A young woman who alleged that Abbotsford’s Cactus Club restaurant discriminated against her because of her brother’s connection to crime lost her case before B.C.’s Human Rights Tribunal in a decision released April 2, 2015.
R.S., (who did not want to be identified) attended her brother’s birthday party at the restaurant with 19 other party-goers on June 27, 2014. During the party, several members of the group got up and smoked marijuana near the front entrance of the restaurant. The manager of the restaurant subsequently called the police.
When the police arrived at the restaurant, several members of the group left the party. Of the thirteen that remained, police identified six men who had “serious criminal and/or drug associations”. The remaining seven women did not have criminal records. Police encouraged the group to settle their bill and leave the restaurant, which they did.
R.S. argued that she was discriminated against because of her family status, and that the treatment she received violated Section 8 of the Human Rights Code. She stated that she felt humiliated as a result of the interventions of police and management. She added that while her brother had been arrested and charged with drug trafficking 9 years ago, he had no criminal convictions.
The Abbotsford Cactus Club was a member of the “Bar Watch” Program, which is a voluntary program on the lower mainland, that connects bars and restaurants with local police. Under this program, any people deemed “undesirable” or “trouble makers”, on the basis of their behaviour or involvement in serious/violent crime, can be refused entrance to the business. Some clubs and bars even scan the patron’s drivers’ licenses prior to entry.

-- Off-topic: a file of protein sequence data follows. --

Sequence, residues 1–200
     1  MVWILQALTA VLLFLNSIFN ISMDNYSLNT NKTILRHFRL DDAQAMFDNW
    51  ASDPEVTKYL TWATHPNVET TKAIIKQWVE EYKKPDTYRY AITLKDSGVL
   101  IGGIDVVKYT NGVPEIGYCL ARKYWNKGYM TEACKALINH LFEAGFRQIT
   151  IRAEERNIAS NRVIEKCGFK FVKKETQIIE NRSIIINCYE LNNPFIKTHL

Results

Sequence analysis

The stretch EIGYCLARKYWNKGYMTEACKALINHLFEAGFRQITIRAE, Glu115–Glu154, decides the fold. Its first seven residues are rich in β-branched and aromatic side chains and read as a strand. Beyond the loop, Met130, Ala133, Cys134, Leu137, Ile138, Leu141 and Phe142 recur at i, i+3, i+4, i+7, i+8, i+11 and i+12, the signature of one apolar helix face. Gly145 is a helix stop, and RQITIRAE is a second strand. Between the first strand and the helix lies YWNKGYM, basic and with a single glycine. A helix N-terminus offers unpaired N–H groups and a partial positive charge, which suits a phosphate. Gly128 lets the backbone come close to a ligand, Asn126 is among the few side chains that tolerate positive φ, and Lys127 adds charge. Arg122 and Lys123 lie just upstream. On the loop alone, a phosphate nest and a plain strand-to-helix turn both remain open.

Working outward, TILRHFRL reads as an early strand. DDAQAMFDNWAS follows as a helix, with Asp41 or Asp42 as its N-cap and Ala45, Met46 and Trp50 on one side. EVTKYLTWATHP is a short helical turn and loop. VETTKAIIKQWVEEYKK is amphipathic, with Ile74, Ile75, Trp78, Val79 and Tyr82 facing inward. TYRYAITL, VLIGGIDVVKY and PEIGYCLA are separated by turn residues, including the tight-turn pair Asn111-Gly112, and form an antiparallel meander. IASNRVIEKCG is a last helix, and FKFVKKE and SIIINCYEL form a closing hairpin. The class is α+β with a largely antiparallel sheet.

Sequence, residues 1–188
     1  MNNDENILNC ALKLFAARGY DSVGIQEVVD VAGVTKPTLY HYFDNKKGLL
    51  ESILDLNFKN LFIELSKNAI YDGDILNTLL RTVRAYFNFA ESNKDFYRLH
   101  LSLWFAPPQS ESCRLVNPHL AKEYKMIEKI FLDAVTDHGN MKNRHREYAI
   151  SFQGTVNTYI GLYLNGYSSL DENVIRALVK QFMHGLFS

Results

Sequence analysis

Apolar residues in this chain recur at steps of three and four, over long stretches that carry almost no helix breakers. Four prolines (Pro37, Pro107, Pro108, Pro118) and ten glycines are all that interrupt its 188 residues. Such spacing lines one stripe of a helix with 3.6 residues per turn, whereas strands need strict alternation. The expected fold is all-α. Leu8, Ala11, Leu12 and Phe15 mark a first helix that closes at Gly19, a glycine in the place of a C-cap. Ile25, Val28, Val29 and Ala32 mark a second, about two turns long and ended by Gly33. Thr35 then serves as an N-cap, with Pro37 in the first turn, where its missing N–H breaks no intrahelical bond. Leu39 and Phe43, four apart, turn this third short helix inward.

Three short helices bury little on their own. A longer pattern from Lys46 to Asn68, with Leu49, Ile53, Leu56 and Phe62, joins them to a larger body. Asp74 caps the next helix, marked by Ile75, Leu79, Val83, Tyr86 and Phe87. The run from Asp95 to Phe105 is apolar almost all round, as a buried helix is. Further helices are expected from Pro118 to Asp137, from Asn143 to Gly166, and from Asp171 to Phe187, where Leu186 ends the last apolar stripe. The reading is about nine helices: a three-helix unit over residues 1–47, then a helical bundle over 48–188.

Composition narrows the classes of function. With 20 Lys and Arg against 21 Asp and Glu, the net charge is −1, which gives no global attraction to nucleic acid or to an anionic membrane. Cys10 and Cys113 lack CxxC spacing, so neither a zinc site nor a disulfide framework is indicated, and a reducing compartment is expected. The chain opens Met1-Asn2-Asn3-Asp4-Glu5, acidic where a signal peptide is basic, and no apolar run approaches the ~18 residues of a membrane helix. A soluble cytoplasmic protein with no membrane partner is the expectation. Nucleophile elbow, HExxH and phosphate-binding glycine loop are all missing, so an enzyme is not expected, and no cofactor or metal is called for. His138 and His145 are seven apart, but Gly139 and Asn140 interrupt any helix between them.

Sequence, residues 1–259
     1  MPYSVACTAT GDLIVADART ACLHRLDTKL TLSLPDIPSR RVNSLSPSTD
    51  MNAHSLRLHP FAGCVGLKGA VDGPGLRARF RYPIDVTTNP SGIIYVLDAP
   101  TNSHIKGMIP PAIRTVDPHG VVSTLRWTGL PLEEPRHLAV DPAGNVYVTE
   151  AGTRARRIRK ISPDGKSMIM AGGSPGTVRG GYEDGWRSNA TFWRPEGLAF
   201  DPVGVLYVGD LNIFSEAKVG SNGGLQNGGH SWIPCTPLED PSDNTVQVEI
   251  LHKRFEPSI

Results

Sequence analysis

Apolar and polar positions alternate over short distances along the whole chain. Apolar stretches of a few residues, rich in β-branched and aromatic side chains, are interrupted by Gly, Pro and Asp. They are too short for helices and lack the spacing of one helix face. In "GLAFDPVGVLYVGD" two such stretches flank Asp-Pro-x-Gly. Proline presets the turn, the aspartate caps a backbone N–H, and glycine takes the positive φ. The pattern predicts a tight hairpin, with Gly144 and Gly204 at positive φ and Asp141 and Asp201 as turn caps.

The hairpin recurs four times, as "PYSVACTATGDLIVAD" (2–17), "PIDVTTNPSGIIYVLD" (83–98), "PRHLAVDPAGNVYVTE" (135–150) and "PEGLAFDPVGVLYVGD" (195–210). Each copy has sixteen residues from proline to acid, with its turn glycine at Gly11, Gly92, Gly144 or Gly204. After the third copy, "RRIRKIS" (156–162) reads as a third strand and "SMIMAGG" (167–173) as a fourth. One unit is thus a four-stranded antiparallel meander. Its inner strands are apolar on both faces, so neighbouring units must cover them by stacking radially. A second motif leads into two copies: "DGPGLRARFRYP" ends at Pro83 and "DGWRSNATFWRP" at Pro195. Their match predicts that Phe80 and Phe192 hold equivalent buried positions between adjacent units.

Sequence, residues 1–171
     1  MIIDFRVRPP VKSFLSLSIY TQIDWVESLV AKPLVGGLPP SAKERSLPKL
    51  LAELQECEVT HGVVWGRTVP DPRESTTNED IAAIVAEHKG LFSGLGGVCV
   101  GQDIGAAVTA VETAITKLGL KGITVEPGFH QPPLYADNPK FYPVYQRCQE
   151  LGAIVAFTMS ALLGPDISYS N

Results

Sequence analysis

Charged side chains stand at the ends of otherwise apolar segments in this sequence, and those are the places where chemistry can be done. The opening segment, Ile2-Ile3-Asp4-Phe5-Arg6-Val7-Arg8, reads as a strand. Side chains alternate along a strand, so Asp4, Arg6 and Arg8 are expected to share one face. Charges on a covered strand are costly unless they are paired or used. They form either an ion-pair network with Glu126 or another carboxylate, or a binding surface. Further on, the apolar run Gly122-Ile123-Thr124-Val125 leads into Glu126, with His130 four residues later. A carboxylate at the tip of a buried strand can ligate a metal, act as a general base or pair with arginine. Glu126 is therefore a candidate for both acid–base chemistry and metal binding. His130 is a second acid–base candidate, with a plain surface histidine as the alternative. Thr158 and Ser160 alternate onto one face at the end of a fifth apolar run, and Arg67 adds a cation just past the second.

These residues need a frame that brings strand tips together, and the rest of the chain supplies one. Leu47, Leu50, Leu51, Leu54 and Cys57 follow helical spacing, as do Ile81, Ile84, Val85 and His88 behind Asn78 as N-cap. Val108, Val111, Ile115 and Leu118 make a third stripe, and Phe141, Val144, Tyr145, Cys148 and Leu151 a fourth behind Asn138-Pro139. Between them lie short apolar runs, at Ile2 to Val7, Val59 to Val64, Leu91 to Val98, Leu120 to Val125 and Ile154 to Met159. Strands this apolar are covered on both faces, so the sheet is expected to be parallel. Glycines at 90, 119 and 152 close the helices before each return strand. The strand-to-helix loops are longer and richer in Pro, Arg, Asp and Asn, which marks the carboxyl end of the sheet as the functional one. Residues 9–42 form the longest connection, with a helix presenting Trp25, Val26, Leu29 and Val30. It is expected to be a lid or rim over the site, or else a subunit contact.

Information collected on problematic patrons is shared amongst all Bar Watch Program within the Lower Mainland of British Columbia.
The Human Rights Tribunal member who decided the case, Parnesh Sharma, agreed to placing limits on the publication of the identity of the complainant, due to her concerns about potential negative affects of the publication of the case upon her career and reputation. The condition of anonymity was also provided to the witnesses, who were employees of the Cactus Club, to prevent any possible harmful consequences to them.
The Tribunal member did find that some of the issues that R.S. raised about the Bar Watch program, and refusal of service on the basis of their associations, are assumptions that could benefit from further examination within the context of human rights.
However, the complaints before the tribunal did not contravene the code. “In short, RS was asked to leave because six members of the group she was with had known criminal or drug associations. She has no reasonable prospect of establishing that her family status was a factor in this adverse treatment.”
The case was dismissed.
Jayne Embree, M.A.
Jayne holds a Masters in Psychology and is a highly experienced Divorce Coach and Child Specialist. She is currently working with the Administrative and Human Resources Departments of Butterfield Law.